The last five years have seen dramatic changes in the climate and operating circumstances affecting academic health centers (AHCs). Our nation has seen the economic havoc brought on by the tightening of health care reimbursements in the wake of the Balanced Budget Act of 1997 and a gradual retreat from the philosophy of managed care; we have fought wars in Afghanistan and Iraq; we remain on heightened alert for acts of terrorism at home; the economy continues to flirt with a “double-dip” recession; and the psychological as well as financial bubble of the 1990s—which made the ambitious plans of many leaders in academic medicine seem so doable—has well and truly burst.
Not surprisingly, this also has been a period of “unprecedented turmoil” in America's health care system—ending with the return of double-digit increases in health costs. The Commonwealth Fund's Task Force on Academic Health Centers recently concluded that America's health care system is “spiraling towards crisis.” As the task force described it, we are caught between two irresistible forces. On the one hand, the aggressive movement towards vertically integrated health systems that many institutions undertook during the “go-go” years of the early 1990s, which was intended to allow AHCs to compete more effectively for the stream of patients needed to support medical education and training, highly specialized patient care (e.g., burn, transplant, and trauma care), “safety net” care for the poor and uninsured, and clinical research. On the other hand, in an era of rising costs, declining reimbursements, and reduced government support, these same activities, deeply reflective of the special “social mission” of the AHC are “not optimally supported in competitive markets.”1 Of the nation's, 4,739 hospitals of all types, these trends most directly impact the 115 academic medical centers that are fully “integrated” with a college of medicine, conduct substantial medical school-based teaching and research, and operate under common ownership or share medical school department chairs and hospital chiefs of services.2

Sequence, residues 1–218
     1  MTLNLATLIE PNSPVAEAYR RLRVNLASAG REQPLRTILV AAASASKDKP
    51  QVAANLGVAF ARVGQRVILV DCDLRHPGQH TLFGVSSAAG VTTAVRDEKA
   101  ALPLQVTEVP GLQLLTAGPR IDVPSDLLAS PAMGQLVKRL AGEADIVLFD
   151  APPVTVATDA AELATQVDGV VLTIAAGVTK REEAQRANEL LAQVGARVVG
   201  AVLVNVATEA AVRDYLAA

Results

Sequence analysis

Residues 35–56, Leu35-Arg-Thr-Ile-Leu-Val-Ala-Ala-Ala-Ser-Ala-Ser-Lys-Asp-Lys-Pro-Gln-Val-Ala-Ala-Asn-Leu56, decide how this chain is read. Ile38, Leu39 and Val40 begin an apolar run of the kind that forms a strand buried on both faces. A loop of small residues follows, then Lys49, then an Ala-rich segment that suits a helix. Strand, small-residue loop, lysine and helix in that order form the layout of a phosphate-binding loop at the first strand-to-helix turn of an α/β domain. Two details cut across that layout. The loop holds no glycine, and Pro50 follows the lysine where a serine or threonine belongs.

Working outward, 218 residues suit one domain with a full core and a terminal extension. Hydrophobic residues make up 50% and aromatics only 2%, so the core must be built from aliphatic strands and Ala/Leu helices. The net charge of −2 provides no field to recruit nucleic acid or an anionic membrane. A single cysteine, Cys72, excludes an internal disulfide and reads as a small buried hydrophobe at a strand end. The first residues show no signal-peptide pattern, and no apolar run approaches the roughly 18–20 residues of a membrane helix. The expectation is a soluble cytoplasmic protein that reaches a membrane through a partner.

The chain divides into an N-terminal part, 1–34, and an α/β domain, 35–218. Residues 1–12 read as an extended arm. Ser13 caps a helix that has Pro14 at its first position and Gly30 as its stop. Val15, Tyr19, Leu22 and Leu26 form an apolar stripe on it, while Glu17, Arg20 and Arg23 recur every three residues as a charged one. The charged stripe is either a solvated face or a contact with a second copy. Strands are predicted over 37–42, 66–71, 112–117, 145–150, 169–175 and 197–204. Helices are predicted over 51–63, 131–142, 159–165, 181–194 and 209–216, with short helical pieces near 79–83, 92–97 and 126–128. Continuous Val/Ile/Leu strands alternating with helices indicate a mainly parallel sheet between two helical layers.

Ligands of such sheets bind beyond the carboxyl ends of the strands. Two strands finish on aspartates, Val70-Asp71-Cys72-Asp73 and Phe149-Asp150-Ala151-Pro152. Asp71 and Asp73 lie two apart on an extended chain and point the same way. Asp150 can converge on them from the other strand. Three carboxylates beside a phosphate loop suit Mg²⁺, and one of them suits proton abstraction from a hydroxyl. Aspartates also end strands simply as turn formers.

In just these same, few, short years, I have seen “up close and personal,” as it were, the enormous promise and the terrifying perils of the vertically integrated academic health system. I have seen the University of Pennsylvania's newly created integrated health system lift academic medicine at Penn to unprecedented levels of excellence. But I have also seen how dramatic shifts in federal policies and market forces threatened to take down our health system—and the rest of the university with it.